Without a political leader at GSA several key initiatives, including construction at ports of entry nationwide, have stalled and Congress has directed agency funds to low-priority projects, according to Doan. "A strong leader needs to be willing to push back and have the courage to say no when excessive political pressure is applied," she says. "Saying no does not make a leader popular, and often gets the leader in hot water. But a willingness to do what is right for the nation, and a willingness to put the country first, despite public criticism is, I think, a core requirement of the job."
The Senate hold is a unique feature of the U.S. legislative system that is not written in any congressional rule book, says Sarah Binder, a political science professor at The George Washington University and a senior fellow at the Brookings Institution. When senators place holds on nominees or legislation they generally are sending a signal that they plan to object to all routine business-from post office dedications to spending bills-until the majority leader respects their wishes. Since the chamber relies on unanimous consent to conduct its operations, holds typically are honored, Binder says.
Although the majority leader can break a hold with 60 votes, the process can be time-consuming and angers the member who originally placed the hold. "It's hostage-taking and it leaves an agency without a head," Binder says.
The process also is anything but transparent. There is no database of Senate holds, and public disclosures often come through the media. "Given that there are holds that some senators will own up to and which then do not appear on the [Senate] calendars, there is no systematic way to monitor the use of these senatorial courtesies," says Terry Sullivan, executive director of the White House Transition Project and an associate political science professor at the University of North Carolina at Chapel Hill. Sullivan, who has studied the use of holds, says while most nominees eventually are seated, the tactic causes on average a one-month delay.
The 2007 Honest Leadership and Open Government Act included a requirement that senators reveal when they are "intending to object to a proceeding," thereby eliminating all "secret holds." But the watchdog group Citizens for Responsibility and Ethics in Washington found that since the legislation was enacted, only two bills had holds placed on them in a manner compliant with the law. In December 2009, the group sent a letter to the Senate Ethics Committee demanding an investigation.
"Holds are very frustrating because agencies often feel stymied and afraid to act without a political appointee in place," says Melanie Sloan, executive director of CREW.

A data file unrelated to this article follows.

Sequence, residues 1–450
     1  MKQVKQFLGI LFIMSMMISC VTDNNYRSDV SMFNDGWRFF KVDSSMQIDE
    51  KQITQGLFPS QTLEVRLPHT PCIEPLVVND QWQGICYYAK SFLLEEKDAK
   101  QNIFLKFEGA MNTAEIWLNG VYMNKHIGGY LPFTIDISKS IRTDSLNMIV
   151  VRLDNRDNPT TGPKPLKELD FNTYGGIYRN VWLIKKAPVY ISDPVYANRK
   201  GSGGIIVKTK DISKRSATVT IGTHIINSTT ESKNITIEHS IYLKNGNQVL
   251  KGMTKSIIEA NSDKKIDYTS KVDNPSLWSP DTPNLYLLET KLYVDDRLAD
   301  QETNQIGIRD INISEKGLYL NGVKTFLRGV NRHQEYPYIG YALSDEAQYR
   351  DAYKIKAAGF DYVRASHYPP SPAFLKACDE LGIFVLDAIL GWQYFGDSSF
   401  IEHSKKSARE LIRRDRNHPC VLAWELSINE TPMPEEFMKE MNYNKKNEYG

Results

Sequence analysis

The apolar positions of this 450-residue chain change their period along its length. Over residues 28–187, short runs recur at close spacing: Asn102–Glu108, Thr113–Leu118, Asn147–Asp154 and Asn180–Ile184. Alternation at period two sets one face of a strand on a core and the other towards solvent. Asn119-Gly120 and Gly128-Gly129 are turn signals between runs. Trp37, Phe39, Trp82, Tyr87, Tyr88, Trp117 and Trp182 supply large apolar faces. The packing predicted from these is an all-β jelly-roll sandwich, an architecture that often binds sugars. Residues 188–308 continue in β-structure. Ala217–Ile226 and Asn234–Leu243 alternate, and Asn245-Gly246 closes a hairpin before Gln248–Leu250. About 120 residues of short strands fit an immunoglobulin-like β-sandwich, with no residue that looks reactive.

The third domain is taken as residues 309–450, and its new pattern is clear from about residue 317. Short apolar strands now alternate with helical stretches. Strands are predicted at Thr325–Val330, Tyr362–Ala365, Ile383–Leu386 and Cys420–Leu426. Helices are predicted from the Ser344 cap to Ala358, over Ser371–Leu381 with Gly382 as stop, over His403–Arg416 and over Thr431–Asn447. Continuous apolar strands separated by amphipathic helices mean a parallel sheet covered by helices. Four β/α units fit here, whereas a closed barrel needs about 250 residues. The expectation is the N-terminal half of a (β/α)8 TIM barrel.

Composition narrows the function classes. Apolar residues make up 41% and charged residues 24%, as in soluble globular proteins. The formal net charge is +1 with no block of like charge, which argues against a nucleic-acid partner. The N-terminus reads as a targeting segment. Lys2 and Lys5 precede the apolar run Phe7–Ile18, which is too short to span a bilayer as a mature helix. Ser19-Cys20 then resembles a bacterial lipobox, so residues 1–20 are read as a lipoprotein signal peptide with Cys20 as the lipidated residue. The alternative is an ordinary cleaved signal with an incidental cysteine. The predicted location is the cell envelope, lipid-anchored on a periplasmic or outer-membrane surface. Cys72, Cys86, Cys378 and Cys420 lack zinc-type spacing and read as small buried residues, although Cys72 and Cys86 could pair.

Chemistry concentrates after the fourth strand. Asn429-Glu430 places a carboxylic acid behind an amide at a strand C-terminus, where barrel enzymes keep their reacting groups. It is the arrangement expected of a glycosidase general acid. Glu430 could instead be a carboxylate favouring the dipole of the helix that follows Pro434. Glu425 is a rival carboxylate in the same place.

Senators have applied holds for decades, but in recent years they have become a hardball political tactic to take jabs at the administration and further the agenda of the minority party, particularly when it lacks the votes to stop key legislation. Holds occasionally are based on disagreements about a nominee's ideology or qualifications. But more often they are used to extract concessions from the administration.
Take the case of Erroll Southers, whose nomination to head the Transportation Security Administration was blocked by Sen. Jim DeMint, R-S.C., over concerns that Southers would allow airport security screeners to organize, a pledge Obama made during the presidential campaign. On Jan. 20, Southers, withdrew his name, arguing that Republicans had politicized his appointment.
DeMint suggested that unionization would make TSA less nimble in responding to threats, and placed the hold to force the administration to reconsider its stance on collective bargaining. But since DeMint placed the hold, the agency has had some embarrassing snafus, including the posting of its security manual on the Web. "We need people in charge at TSA to get the confidence of agency employees and the support of the flying public," says Beth Moten, legislative and political director for the American Federation of Government Employees.
Southers says that the process became untenable. "It is clear that my nomination has become a lightning rod for those who have chosen to push a political agenda at the risk of the safety and security of the American people," he said in a written statement. "This partisan climate is unacceptable, and I refuse to allow myself to remain part of their dialogue."